Philip Seymour Hoffman in his Oscar-winning Capote role (Sony)

Philip Seymour Hoffman won the Oscar and Bafta Best Actor prizes for his impersonation of the author in Capote while Toby Jones was later awarded the London Film Critics Circle gong for his portrayal. The two were inevitably compared by reviewers, with the former generally agreed to have come out on top, certainly having the advantage by securing the earlier release.

Hollywood producer Bingham Ray later told The New Yorker he remembered taking a phone call from Douglas McGrath, director and screenwriter of Infamous, telling him he had completed the script. “I know, I’ve got it on my desk!” the executive replied, before realising he was looking at Dan Futterman’s Capote instead.

No Strings Attached and Friends with Benefits (both 2011)

Two single pals – variously Ashton Kutcher and Natalie Portman and Justin Timberlake and Mila Kunis – attempt to introduce casual sex into the dynamic without jeopardising their friendship.

No Strings Attached official trailer

An idea Jerry and Elaine already tried and abandoned in Seinfeld in 1991, both romantic comedies nevertheless made precisely the same amount of cash at the box office: $149m (£106m).

White House Down and Olympus Has Fallen (both 2013)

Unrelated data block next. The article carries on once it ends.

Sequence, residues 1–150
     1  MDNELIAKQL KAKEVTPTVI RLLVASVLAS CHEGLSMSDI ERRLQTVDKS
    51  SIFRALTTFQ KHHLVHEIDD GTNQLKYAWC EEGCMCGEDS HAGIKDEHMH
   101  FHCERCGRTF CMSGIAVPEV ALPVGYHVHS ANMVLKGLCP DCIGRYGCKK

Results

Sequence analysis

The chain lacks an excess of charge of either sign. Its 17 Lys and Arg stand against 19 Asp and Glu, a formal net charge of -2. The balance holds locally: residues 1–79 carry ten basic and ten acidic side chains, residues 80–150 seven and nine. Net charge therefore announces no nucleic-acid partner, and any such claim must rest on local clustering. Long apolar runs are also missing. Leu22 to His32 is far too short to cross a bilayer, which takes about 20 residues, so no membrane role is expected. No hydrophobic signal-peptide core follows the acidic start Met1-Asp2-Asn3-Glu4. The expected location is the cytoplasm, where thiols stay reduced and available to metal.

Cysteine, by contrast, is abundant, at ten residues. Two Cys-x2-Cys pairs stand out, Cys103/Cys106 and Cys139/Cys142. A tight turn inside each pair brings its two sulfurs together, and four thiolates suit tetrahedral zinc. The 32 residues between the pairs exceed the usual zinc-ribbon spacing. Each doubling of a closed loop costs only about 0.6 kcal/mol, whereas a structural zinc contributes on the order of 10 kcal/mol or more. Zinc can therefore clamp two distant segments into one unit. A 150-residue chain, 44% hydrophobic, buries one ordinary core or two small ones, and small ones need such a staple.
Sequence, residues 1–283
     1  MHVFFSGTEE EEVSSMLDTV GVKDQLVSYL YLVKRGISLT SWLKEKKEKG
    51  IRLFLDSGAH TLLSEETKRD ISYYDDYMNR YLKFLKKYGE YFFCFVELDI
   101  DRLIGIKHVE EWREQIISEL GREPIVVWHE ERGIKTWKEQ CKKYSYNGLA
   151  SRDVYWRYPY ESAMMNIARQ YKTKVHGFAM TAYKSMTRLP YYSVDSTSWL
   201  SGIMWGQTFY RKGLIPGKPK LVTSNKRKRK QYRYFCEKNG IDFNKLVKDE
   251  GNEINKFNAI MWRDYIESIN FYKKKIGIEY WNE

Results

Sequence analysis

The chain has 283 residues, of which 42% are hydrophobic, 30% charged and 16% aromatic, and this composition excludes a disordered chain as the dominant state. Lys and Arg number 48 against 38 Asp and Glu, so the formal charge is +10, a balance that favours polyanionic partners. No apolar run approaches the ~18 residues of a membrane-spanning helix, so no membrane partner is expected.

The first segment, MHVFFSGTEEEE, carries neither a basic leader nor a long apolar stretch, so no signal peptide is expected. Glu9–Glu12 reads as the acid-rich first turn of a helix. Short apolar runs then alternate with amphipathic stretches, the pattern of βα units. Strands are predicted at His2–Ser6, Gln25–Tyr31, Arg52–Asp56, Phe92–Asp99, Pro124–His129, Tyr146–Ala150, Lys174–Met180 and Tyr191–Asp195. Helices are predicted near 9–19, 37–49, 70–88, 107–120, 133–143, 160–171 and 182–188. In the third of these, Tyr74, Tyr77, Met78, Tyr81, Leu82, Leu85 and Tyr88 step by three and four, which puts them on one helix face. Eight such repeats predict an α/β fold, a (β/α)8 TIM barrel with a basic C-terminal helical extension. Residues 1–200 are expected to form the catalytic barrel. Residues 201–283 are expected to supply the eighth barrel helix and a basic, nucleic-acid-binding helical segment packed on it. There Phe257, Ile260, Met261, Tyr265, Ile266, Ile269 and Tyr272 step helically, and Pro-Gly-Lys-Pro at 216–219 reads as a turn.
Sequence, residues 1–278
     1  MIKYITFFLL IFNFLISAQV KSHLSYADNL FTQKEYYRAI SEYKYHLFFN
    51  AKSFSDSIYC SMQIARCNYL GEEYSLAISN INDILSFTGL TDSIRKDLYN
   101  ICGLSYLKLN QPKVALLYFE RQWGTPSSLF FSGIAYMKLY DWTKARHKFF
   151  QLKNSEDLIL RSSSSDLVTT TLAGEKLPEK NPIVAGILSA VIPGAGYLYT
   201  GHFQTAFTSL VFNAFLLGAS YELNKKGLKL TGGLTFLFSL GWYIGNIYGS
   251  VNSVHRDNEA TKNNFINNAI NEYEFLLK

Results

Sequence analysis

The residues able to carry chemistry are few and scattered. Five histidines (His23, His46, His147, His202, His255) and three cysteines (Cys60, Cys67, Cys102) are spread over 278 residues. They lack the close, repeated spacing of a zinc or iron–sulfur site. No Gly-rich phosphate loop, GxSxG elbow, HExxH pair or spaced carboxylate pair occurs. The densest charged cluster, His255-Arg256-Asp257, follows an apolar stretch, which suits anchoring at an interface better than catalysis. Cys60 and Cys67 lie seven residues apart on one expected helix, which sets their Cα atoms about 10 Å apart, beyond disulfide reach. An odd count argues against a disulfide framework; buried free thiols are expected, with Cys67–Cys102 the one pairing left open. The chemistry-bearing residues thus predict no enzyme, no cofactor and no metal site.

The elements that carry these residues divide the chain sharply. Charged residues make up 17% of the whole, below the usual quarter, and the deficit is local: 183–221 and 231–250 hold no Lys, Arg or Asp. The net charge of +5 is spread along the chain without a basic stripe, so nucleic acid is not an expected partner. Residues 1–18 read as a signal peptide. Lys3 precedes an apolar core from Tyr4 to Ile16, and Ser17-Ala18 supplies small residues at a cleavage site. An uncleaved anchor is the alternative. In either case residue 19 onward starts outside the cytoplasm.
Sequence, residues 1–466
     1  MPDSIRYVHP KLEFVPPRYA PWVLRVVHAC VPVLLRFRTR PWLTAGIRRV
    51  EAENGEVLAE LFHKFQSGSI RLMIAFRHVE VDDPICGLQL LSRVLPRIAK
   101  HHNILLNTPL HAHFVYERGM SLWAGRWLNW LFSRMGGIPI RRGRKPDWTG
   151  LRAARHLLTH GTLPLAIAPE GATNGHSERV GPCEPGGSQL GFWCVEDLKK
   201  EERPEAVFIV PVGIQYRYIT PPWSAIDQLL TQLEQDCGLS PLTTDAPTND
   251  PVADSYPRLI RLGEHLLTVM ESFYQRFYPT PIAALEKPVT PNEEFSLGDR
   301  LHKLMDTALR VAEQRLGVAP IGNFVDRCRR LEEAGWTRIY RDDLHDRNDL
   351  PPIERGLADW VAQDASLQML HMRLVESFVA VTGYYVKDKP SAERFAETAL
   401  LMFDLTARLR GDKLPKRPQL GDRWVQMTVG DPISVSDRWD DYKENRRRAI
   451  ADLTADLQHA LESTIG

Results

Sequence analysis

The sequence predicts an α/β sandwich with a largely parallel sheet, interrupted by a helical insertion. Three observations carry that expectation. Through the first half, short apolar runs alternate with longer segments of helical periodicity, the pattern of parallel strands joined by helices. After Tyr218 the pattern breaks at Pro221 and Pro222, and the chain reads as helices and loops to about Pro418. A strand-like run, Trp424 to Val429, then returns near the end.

Two action blockbusters about a terrorist attack on the White House in the same year? It happened.

In the former, directed by explosion specialist Emmerich, Channing Tatum’s buff DC police officer came to the aid of Jamie Foxx. In the latter, made by Antoine Fuqua, Gerard Butler’s grizzled Secret Service man rescued Aaron Eckhart.

Olympus Has Fallen 

The premise of both owed a debt to 1990s action thrillers like Independence Day and Air Force One (1997), in which the president proved himself a hero. Both were made in Barack Obama’s second term. If they were made today, loyalty to the president might not necessarily be taken for granted.

Despite there being little to choose between them, Olympus is the one that has spawned sequels: the crashingly insensitive London Has Fallen arriving in 2016 and a third entry in the series, Angel Has Fallen, currently in development.

Marguerite (2015) and Florence Foster Jenkins (2016)

Stephen Frears’ film was a straight biopic of the notorious American socialite and would-be soprano, winning rave notices and an Oscar nomination for Meryl Streep and featuring a gloriously roguish turn from Hugh Grant as her husband, St Clair Bayfield.

Meryl Streep with Hugh Grant in Florence Foster Jenkins (20th Century Fox)

French drama Marguerite, released in the UK two months earlier, also took inspiration from the same source but failed to find a mainstream audience, despite critics admiring Catherine Frot in the lead.

“One month before the shooting of Marguerite, I heard about [Florence Foster Jenkins]... For me, it was terrible,” recalled director Xavier Giannoli.